This is a still more difficult proof. It follows either from the PCP theorem or from the proof that MIP = NEXP (Which says that two provers who can’t communicate with each other can convince you in polynomial time of anything you could verify yourself in exponential time.) In fact, the PCP theorem says that after a constant number of queries to the box, you can verify its claims with only an arbitrarily small constant probability of being mistakenly convinced by false claims. This is a very nice result, and one of the most important in theoretical computer science, but I definitely can’t do it justice here.
(Well: you can express the satisfiability of an exponentially large proof checker as an exponential system of polynomial equations. If you want to verify an arbitrary list of polynomial equations, you can verify just a constant number of random linear combinations of those equalities. By using indirection, and proving things about the behavior of proof checkers (who are themselves checking proofs about still other proof checkers…) rather than attacking the statement you care about directly, you can reduce the amount of randomness required to validate such a proof. If you iterate this amplification step, you can get down to the point where the checker sends the prover only logarithmically much stuff, and the prover sends back only constant stuff, in order to check a proof of linear size, which is pretty wild.)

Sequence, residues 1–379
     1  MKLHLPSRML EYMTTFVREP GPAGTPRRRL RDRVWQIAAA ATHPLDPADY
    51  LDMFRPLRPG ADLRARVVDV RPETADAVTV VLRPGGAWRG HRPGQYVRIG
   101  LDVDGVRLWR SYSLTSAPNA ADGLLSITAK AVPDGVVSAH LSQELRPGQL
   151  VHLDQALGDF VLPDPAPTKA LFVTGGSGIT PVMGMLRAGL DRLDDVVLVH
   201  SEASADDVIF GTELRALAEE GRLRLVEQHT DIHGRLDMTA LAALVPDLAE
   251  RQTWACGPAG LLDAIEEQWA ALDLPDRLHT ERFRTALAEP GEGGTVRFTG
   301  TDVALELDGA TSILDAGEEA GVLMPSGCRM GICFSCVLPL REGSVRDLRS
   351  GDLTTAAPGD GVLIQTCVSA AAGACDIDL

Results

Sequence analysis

4. You can verify a claim made by the box with high probability if and only if that claim has an exponentially long proof.
This is pretty straightforward. In polynomial time you can only access exponentially many of the box’s possible answers (if you only have time to write down N bits, there are only 2^N possible questions you could ask). If you can check the box’s claims about something, then the list of its answers to all exponentially many questions constitutes a proof.
Of course, for anything that can’t be proven in exponential time, a similar argument shows that you don’t care about the answer, even in a world with a halting oracle. So, the limitations to our ability to recognize halting oracles don’t seem too severe.